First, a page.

The totality of the circumstances here shows that uniformed officers summoned respondent to the foyer of the diner, asked him to step outside, inquired about his car, and informed him that his car matched the description of the one involved in the shooting incident. The officers' act of causing respondent to leave the diner was an act of compulsion. By informing him that his car was under investigation, the officers implied that they were investigating him for criminal involvement. See State v. Cripps, 533 N.W.2d 388, 391 (Minn. 1995) (holding that a reasonable person would believe that he or she had been seized when officer approached to investigate person's involvement in criminal activity). Applying the Day analysis to the undisputed facts before us, we conclude that a reasonable person would not have felt free to disobey the officers' instructions. Accordingly, we hold that the officers seized respondent when they summoned him for investigation.

2. Next, we turn to whether the totality of the circumstances provided the officers with articulable suspicion to seize respondent. Welfare of E.D.J., 502 N.W.2d at 783. A police officer may stop and temporarily seize a person in order to investigate that person for criminal activity if the officer reasonably suspects the person's involvement. Ascher v. Commissioner of Pub. Safety, 519 N.W.2d 183, 184-85 (Minn. 1994). The basic rule for investigative stops requires that police have a "particular and objective basis for suspecting the particular person stopped of criminal activity." State v. Johnson, 444 N.W.2d 824, 825 (Minn. 1989) (quoting United States v. Cortez, 449 U.S. 411, 417-18; 101 S. Ct.690, 695 (1981)). Under the objective approach announced by the United States Supreme Court and adopted by the Minnesota Supreme court, a stop must be upheld if there is a valid, objective basis for it. Whren v. United States, ___ U.S. ___, 116 S. Ct. 1769, 1774 (1996) (constitutional reasonableness of traffic stop is not dependent upon actual motivation of officer involved); Scott v. United States, 436 U.S. 128, 138, 98 S. Ct. 1717, 1723, reh'g denied, 438 U.S. 908, 98 S. Ct. 3127 (1978); State v. Olson, 482 N.W.2d 212, 214 (Minn. 1992) (explaining that as long as there is an objective basis for the search or seizure it is lawful even if the officer acted on the wrong ground or had an improper motive). All that is required is that the stop not be the product of mere whim, caprice, or idle curiosity. State v. Johnson, 257 N.W.2d 308, 309 (Minn. 1977).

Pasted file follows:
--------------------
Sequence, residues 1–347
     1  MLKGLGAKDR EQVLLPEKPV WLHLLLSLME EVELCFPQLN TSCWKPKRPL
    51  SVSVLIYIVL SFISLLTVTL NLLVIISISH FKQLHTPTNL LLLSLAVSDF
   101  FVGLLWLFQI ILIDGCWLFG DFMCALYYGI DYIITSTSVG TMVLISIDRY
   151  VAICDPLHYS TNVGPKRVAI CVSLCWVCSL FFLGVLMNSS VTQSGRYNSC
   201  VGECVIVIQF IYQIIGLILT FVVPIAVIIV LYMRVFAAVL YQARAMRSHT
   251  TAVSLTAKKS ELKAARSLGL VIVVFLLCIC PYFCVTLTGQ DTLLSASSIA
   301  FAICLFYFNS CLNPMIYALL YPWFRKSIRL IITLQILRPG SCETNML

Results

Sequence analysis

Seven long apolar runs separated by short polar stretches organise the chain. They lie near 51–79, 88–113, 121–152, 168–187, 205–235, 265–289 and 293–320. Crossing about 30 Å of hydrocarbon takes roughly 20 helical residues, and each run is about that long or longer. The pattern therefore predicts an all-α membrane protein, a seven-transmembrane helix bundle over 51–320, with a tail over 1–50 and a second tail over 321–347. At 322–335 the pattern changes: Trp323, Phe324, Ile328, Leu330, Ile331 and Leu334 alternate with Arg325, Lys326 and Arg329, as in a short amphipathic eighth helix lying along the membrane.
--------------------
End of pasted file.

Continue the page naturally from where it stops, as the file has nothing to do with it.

Here, the officer's observation of respondent exceeding the posted speed limit provided a valid objective basis for the seizure. Officer Asplin clocked the respondent driving 65 mph in a 55 mph zone, in violation of Minn. Stat. § 169.14 (1994); this constituted a reasonable and articulable basis for the subsequent seizure of respondent. Even if the officers were motivated to seize respondent because of the matching car description and surrounding circumstances, the fact that Asplin observed respondent speeding is sufficient to uphold the seizure. We have previously upheld a traffic stop where the decision to make the stop preceded the occurrence of the traffic violation itself. State v. DeSart, 357 N.W.2d 416, 419 (Minn. App. 1984). The relevant inquiry is whether the officers had a reasonable, objective basis for the seizure, notwithstanding their actual subjective motive. Moreover, there is no requirement that the seizure of respondent take place immediately; the officers could lawfully seize him later inside the diner. See Windschitl v. Commissioner of Pub. Safety, 355 N.W.2d 146, 148 (Minn. 1984) (stating when an officer has the right to arrest a driver for an offense, the officer has the right to pursue the driver and apprehend him anywhere within the state); Shull v. Commissioner of Pub. Safety, 398 N.W.2d 11, 14 (Minn. App. 1986) (noting that an officer's decision not to stop a driver immediately is of no legal significance).

Accordingly, we conclude that because officer Asplin observed respondent speeding, the officers had an objective basis to seize him. The district court therefore erroneously dismissed the DWI charge against respondent.

Reversed and remanded.

Dated: _________________________________

James C. Harten